Last week, the Chinese marched on the streets to protest against the government’s rigorous “zero-COVID” approach, openly defying the Communist Party for the first time in more than 30 years, sending tremors across the global financial markets, which recovered quite quickly a few days later. However, the immediate effect on global markets is causing many investors and analysts to wonder what the future holds for the second-largest economy in the world.
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Everything started with a fire that took place on November 24 in the capital city of the Xinjiang province, Urumqi. As the fire in the apartment building resulted in the deaths of at least 10 people and injuries to 9 more, recordings of the event seemed to show that the lockdown procedures slowed down the response time of firemen.
Chinese people are tired of this zero-Covid policy preventing them from living their lives, so they started to demonstrate in Urumqi, which then spread across China in an unprecedented movement that represents a real challenge for the leader Xi Jinping and his zero-Covid policy.
In order for China to begin the process of strengthening its economy, the constraints that have been placed on its people in accordance with Covid-19 restrictions need to be loosened, and they need to be given the opportunity to return to normal life.
The problem is that not enough individuals in this country have received vaccinations, and as a result the country has almost no natural protection against the virus. Moreover, China is against the idea of using imported boosters from western Covid vaccines, according to US Intelligence.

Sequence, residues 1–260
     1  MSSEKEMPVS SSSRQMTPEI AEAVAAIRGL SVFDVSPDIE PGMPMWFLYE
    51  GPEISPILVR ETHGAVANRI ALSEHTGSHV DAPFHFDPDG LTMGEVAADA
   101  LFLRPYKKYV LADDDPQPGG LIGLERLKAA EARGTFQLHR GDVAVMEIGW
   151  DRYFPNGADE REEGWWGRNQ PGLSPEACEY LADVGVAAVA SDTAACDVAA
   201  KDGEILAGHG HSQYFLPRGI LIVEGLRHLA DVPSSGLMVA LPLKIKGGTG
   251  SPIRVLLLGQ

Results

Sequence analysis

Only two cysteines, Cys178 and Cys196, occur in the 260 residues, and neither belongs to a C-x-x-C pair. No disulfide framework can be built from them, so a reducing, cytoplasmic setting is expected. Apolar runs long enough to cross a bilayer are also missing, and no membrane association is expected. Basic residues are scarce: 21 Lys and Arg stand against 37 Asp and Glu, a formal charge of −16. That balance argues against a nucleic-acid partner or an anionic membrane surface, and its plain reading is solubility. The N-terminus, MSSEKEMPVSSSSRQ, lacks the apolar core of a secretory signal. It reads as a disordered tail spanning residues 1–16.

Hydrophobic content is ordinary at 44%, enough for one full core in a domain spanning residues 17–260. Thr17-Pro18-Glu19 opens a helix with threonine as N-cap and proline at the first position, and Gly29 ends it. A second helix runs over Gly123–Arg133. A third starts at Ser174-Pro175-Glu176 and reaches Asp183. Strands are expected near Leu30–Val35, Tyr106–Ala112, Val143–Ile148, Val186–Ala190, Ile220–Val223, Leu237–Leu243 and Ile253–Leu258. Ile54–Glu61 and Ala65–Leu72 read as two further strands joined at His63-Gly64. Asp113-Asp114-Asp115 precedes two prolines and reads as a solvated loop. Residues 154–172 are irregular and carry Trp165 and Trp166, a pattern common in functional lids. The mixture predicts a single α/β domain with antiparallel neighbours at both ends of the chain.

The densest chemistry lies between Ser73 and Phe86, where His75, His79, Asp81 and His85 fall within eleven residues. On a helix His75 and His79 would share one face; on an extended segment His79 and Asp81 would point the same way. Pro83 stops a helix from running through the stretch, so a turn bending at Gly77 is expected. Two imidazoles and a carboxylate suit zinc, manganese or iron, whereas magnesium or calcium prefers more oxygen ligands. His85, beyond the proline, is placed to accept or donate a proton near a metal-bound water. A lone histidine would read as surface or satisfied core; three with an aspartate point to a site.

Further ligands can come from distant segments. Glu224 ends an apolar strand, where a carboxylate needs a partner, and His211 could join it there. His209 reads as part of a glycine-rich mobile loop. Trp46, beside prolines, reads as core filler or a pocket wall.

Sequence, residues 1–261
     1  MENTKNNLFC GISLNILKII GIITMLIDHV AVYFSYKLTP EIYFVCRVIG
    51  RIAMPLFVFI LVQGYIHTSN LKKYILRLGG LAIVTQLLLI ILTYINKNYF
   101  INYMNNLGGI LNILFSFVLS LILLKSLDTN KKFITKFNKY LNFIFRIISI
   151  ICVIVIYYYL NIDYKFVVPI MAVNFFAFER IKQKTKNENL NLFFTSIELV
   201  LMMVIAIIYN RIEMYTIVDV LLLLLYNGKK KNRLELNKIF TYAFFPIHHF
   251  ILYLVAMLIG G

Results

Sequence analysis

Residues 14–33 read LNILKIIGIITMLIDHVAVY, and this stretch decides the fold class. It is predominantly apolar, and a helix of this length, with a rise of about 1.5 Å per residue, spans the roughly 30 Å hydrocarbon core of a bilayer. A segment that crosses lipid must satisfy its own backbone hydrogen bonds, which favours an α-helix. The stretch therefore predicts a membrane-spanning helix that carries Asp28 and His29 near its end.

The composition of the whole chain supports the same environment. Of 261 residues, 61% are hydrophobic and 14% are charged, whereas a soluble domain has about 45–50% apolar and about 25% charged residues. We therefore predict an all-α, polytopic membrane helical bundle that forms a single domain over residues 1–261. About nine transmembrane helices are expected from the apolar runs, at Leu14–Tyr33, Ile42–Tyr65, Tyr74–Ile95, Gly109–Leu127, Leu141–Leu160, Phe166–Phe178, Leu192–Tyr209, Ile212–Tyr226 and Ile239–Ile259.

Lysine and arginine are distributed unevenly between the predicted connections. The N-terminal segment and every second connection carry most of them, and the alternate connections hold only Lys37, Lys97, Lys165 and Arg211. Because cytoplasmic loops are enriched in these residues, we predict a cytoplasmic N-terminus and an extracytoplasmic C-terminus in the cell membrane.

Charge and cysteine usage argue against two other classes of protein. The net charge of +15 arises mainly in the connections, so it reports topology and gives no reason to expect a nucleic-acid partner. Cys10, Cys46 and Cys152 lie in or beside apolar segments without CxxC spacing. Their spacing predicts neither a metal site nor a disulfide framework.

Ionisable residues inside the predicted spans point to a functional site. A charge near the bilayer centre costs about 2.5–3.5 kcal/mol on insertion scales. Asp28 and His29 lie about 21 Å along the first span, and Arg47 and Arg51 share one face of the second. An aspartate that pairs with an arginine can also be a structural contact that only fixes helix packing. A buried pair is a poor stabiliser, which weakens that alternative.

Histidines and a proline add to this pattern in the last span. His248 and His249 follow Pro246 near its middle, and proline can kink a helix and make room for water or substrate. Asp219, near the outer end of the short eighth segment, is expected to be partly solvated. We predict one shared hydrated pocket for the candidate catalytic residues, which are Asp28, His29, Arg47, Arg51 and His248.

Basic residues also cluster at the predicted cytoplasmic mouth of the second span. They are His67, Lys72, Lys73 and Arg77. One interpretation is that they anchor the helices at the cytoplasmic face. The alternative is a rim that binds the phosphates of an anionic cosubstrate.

Therefore, opening up the nation is not only a problem from a political standpoint, but it also has the potential to result in a disastrous pandemic of the illness.
The markets will respond to any new developments as the severity of civil unrest in China rises as a direct result of the government’s zero-Covid campaign.
However, this rigorous approach has had an impact not only on the expansion of the world’s second-largest economy, but also on the operations of a huge number of multinational companies, since China is home to a significant number of international manufacturers, including Apple. The country might even lose its role as the world’s workshop if it continues with the endless lockdowns.
The Party needs to find a way to ease its zero-Covid policy and boost its economy. The way it will do so is very likely to influence how participants perceive the risk of a local and global recession.